I was looking forward to seeing it firsthand so I paid Charles and he shipped it on Friday. Wonder of wonders, Canada Post delivered it on Monday. I came home from work to find the awaited box on the table. I opened it and found the Larsen in a bag with the label printed on the outside enumerating it’s stamping. I took it out of the bag and immediately took it to the work table. The photos below show the pipe as it looked when it arrived. It was much lighter in colour than the photo had led me to believe.Larsen2The bowl was dirty and there were some dents and marks in the briar. The rim had a thick coating of tars and the back edge of the rim was worn down from knocking the pipe out to empty it. There was an uneven cake in the bowl. The tenon was stuck in the shank and there were dried bits of glue on the end of the shank and around the end of the stem where someone had glued the stem onto the end of the shank. Fortunately the stem did not stick to the briar but the tenon certainly did. The stem was clean of bite or tooth marks and was lightly oxidized.Larsen3 Larsen4 Larsen5I took a photo of the end of the shank to show the glue spots on the briar and around the broken tenon.Larsen6When I had looked at the initial photo I was uncertain that the stem was original as it looked to be bigger in diameter than the shank. I lined up the broken tenon in the shank with the rough end on the stem and took some photos to see if it actually fit the pipe.Larsen7I decided to try pulling the tenon with my normal screw and it did not budge. It began to shatter and break apart.Larsen8Thus I knew that I would have to resort to drilling out the broken tenon. I set up my cordless drill and put a drill bit slightly larger than the airway in the chuck. I slowly drilled out the tenon, increasing the size of the drill bit until it was the just slightly smaller than the mortise. The last bit I used broke the tenon piece free from the shank and the mortise was clear.Larsen9While I had the drill out I also drilled out the broken tenon in the stem in preparation for the replacement tenon I would use.Larsen10Once the airway was drilled out on the stem I used a tap to thread the newly drilled airway to accommodate the threaded replacement Delrin tenon.Larsen11I used the topping board and 220 grit sandpaper to clean off the glue residue on the end of the stem before I put the new tenon in place. I want a clean, flat surface to work with against the shank when I was finished.Larsen12I used some clear super glue on the new tenon and twisted it into the stem. I put it in the shank to check the alignment several times before putting a few more drops of super glue around the tenon stem union.Larsen13Once the glue dried I put the stem in place in the pipe and took some photos to evaluate the fit.Larsen14 Larsen15With the tenon repair completed it was time to address the bowl. I took some close up photos of the bowl/rim and the stamping on the shank.Larsen16I reamed the bowl with a PipNet reamer using the third cutting head and took the cake back to bare briar. I cleaned up the reaming with a Savinelli Pipe Knife.Larsen17 Larsen18I sanded the inside of the bowl with a tube of sandpaper. This smoothed out the walls of the bowl and began to clean up the damage on the inner edge of the rim.Larsen19The rim damage on the back side needed to be dealt with so I topped the bowl to remove the damaged area.Larsen20I scrubbed the briar with acetone on cotton pads to remove the wax, grime and oils in the wood. The grain is really beautiful in the photos below.Larsen21 Larsen22I scrubbed out the mortise and airway in the shank and stem with alcohol, cotton swabs and pipe cleaners until they came out clean.Larsen23I mixed three of the stain pens together to get the correct brown on the rim. Once it was blended and sanded I stained the bowl with a dark brown aniline stain and flamed it. I repeated the process until the coverage was even on the bowl.Larsen24 Larsen25 Larsen26I wiped down the bowl with alcohol on cotton pads to make it more transparent and make the grain show through. It still needed more work but it was definitely getting there.Larsen27 Larsen28The inner edge of the rim needed more work to remove the damage but the colour was correct.Larsen29I used a folded piece of 180 grit sandpaper to bevel the inner rim of the bowl to remove the damaged areas. I followed up by sanding it with a piece of 220 grit sandpaper and continued to sand the inner edge. I sanded the inner edge and rim with 1800-2400 grit micromesh sanding pads.  I restained the inner bevel with a dark brown stain pen to match the finish on the bowl.Larsen30With the bowl finished I wet sanded the stem with 1500-2400 grit micromesh sanding pads. I rubbed it down with Obsidian Oil and dry sanded it with 3200-4000 grit pads. I gave it another coat of oil and sanded it with 6000-12000 grit pads. I gave it a final coat of Obsidian Oil and let it dry.Larsen31 Larsen32 Larsen33I buffed the pipe with Blue Diamond on the buffing wheel and then gave the bowl and stem multiple coats of carnauba wax. By now you are all probably very familiar with my process. I buffed it with a clean buffing pad to raise a shine and then hand buffed it with a microfibre cloth to add depth. The finished pipe is shown in the photos below. It is one I plan on hanging onto for my own rack and I am happy with how it turned out. Thanks for looking.Larsen34 Larsen35 Larsen36 Larsen37 Larsen38 Larsen39 Larsen40 Larsen41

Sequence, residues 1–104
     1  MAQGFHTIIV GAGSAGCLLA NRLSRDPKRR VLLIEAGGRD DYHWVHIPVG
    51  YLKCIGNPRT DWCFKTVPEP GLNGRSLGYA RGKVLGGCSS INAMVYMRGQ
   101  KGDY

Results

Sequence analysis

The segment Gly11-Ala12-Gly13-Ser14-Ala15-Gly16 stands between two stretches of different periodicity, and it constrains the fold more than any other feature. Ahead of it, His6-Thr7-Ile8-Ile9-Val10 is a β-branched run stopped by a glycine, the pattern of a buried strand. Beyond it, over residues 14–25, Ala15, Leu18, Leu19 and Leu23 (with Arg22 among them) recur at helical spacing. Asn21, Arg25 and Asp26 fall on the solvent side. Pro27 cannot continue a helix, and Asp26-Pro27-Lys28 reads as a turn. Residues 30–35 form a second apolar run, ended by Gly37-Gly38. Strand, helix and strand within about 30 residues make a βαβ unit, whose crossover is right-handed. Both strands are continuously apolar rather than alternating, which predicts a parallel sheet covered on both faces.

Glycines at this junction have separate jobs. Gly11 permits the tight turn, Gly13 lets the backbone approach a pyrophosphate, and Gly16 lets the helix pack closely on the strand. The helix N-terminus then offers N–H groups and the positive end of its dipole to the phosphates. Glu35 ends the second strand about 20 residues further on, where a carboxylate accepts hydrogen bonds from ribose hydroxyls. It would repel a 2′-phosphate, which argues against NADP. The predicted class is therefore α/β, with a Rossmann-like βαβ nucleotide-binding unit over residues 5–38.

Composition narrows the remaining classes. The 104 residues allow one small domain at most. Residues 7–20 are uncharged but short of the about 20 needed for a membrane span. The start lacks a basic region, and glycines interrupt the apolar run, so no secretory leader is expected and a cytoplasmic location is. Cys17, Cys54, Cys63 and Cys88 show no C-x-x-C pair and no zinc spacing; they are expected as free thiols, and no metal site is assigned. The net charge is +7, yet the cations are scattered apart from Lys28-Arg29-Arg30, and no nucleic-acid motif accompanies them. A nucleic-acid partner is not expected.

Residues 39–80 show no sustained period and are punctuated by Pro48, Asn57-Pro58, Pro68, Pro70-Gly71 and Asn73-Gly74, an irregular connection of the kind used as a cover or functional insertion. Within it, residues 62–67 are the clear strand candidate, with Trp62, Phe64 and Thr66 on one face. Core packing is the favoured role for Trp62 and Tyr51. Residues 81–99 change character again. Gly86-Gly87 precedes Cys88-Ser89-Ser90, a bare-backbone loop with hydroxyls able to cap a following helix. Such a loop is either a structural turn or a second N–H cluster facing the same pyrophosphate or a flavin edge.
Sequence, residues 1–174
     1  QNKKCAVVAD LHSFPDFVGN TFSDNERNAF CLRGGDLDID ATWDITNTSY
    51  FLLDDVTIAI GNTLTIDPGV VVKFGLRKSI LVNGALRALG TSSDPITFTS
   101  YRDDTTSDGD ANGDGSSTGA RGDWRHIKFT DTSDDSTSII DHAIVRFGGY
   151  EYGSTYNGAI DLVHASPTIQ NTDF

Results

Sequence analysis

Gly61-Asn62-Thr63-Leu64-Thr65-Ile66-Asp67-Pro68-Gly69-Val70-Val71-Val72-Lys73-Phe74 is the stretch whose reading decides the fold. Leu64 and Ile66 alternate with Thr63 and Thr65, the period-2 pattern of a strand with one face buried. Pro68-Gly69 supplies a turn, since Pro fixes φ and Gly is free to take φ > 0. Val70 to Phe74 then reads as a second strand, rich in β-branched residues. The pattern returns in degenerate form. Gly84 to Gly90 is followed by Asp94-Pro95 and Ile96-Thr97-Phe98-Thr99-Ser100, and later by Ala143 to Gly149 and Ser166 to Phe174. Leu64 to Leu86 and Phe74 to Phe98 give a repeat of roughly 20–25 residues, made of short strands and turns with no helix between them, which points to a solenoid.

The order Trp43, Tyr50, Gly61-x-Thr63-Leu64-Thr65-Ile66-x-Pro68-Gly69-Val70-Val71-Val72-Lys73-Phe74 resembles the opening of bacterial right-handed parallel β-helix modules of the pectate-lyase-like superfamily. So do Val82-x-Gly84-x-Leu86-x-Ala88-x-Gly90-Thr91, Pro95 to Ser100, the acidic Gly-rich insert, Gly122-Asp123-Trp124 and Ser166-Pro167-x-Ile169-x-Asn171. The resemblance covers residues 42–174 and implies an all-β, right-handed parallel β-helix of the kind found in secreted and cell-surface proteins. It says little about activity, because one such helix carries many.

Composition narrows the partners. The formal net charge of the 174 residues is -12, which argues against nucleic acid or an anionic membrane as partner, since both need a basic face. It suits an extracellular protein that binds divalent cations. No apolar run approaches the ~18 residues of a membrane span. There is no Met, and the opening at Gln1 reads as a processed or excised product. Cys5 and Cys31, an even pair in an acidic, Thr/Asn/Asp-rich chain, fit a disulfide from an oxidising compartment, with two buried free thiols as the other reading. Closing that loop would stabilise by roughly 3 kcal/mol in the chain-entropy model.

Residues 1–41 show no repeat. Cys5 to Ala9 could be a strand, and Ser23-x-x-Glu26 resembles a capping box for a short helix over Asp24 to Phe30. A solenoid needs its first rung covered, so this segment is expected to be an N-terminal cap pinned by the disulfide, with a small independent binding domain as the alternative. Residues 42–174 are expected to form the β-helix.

A Tiny Apple Reborn – new stem and new finish